Panasonic HC-V500 Camcorder

The HC-V500 is a budget camcorder that its maker Panasonic refer to as an intermediate level device, since, function-wise, it sits in the middle of Panasonic’s range of single sensor camcorders, just above last year’s HDC-SD80 and below that of the upcoming HC-V700. A particular characteristic to note about the HC-V500 is that, for something that is cut off at the budget level, it features settings that are not normally found within its price category. The camcorder features a Hybrid OIS+ optical image stabilization system that is more effective in producing blur-free clips than the electronic systems used by other budget camcorders. Manual settings too are comprehensive on the device and the image quality is decent under most conditions.

Physically, the Panasonic HC-V500 feels strangely light even for a camcorder. This makes it pretty awkward to use the device when trying to get a steady shot. Still its components do feel sturdy, in particular its touch screen hinge and zoom control feel secured. The disadvantage though is that some buttons on the HC-V500 require a solid push before getting them to work. The Panasonic HV-500 features a 3-inch LCD touchscreen, which is said to be around half an inch smaller than the high-end Panasonic HC-X900. However, when it comes to viewing the recording, it does seem sufficient. However, the screen can get particularly unresponsive at times, and the size of the panel makes it hard to access some of the smaller menu icons.

The base specification of the Panasonic HC-V500 is almost unremarkable. It uses a 1/5.8 in CMOS sensor containing just 1.5 megapixels worth of resolution, not enough to match the resolution of the Full HD format it shoots. However, this is what the company refers to as a High Sensitivity sensor. This means that it is a backside illuminated CMOS and thus provides some advantages when shooting under low light conditions. In addition, a discrete button on the camera enables the device to take footages of up to 1080p resolution, which is Full HD plus 50 progressive frames per second, and a bitrate of 28Mbits/sec. Compared to the older models, 50p mode on the HC-V500 doesn’t switch to MP4 but instead still records at AVCHD format. The footages are then stored in a memory card.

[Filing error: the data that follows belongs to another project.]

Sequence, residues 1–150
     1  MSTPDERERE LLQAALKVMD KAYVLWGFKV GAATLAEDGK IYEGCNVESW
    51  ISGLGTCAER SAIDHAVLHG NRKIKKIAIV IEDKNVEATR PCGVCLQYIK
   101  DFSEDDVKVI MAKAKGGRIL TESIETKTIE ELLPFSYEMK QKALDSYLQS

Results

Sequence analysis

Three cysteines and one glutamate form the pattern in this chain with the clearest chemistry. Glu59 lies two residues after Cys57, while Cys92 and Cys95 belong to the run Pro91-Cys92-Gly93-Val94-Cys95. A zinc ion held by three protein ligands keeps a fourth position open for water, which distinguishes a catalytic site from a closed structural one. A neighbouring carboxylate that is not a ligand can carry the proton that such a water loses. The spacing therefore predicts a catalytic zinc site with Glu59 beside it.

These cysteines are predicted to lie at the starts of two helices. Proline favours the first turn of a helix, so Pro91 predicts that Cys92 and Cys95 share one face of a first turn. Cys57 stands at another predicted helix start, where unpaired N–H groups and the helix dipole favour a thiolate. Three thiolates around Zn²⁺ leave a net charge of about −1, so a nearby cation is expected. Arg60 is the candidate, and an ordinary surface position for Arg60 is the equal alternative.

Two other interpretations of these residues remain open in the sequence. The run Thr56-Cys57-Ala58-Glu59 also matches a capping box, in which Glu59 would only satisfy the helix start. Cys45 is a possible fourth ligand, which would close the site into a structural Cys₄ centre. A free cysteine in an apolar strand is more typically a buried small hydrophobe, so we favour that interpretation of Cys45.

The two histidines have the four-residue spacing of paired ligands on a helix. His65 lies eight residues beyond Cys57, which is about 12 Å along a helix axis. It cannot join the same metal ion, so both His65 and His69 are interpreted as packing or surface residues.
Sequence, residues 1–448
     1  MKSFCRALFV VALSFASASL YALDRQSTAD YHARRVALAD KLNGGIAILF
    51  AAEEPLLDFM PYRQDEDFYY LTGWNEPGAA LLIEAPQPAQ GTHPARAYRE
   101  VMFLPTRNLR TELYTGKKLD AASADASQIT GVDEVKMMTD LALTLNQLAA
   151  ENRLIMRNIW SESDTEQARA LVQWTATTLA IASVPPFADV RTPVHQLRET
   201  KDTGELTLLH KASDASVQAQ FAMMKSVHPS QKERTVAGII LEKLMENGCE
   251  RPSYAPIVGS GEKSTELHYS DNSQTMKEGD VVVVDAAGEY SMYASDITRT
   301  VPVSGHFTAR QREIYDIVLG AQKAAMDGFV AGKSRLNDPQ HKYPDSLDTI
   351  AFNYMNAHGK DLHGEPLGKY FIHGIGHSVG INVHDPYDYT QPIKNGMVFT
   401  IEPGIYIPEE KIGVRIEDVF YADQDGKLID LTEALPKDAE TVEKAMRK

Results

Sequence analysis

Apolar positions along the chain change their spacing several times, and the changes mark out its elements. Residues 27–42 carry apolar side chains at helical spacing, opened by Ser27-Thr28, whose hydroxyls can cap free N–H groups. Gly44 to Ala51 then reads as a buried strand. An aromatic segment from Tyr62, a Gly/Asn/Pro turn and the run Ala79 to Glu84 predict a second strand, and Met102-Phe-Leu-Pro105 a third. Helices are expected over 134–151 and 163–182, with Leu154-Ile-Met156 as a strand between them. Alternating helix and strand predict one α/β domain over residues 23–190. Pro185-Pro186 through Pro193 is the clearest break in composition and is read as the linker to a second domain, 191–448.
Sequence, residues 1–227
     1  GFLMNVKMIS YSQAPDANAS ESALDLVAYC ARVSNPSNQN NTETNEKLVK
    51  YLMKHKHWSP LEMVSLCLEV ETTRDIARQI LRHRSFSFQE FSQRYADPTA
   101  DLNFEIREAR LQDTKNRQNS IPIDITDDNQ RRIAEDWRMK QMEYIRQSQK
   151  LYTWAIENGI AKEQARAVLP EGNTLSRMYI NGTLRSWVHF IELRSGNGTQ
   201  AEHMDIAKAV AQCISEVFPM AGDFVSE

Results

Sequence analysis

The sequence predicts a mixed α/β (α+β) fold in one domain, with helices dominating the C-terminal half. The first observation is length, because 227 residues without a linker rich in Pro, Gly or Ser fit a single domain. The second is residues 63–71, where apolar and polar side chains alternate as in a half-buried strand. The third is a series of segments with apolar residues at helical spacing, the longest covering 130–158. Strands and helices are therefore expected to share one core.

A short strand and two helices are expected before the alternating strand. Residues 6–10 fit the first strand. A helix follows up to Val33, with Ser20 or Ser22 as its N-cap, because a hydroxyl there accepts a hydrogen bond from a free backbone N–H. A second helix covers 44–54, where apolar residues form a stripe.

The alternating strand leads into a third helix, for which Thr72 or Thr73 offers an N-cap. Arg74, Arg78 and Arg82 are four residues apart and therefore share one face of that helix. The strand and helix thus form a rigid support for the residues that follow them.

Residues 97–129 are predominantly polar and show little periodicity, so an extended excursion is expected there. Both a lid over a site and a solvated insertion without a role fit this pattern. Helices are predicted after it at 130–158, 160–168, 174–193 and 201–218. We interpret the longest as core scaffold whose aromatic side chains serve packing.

As mentioned, the Panasonic HC-V500 places itself above many other budget camcorders in terms of image stabilization. Where most camcorders within a $250 range would rely on electronic systems, the HC-V500 uses Panasonic’s latest Hybrid OIS system, which is able to compensate for roll as well as movement in the X and Y axis. The same system is applied in the company’s higher-end camcorders.

The lens of the Panasonic HC-V500 in addition provides a zoom factor of up to 38x, which translates to around 42x of optical zoom. Using the camcorder’s iZoom system, the zoom is then boosted to up to 50x. Extension of the zoom range typically crops the image electronically but for the case of the HC-V500, the lack of extra pixels make iZoom rather useless since the image that one gets is not as decent as the real 42x optical zoom of the device.

For a budget camcorder, the Panasonic HC-V500 did undergo some trade-offs, and these are evident in terms of the accessories that it can be compatible with. The camcorder unsurprisingly lacks extra features like an accessory shoe or mini jacks for headphones or even an external microphone. There are also only discrete buttons for a few major options including a switch from Intelligent Auto to manual, a button to enable the image stabilization system, and the one for the 1080/50p recording setting. However, it does have some user-configurable settings like a full range of scene modes.

Panasonic HC-V500 Camcorder Price in Singapore Dollar (SGD): Approximately S$ 560.00

You may also like: Panasonic HC-V700 Camcorder

Speak Your Mind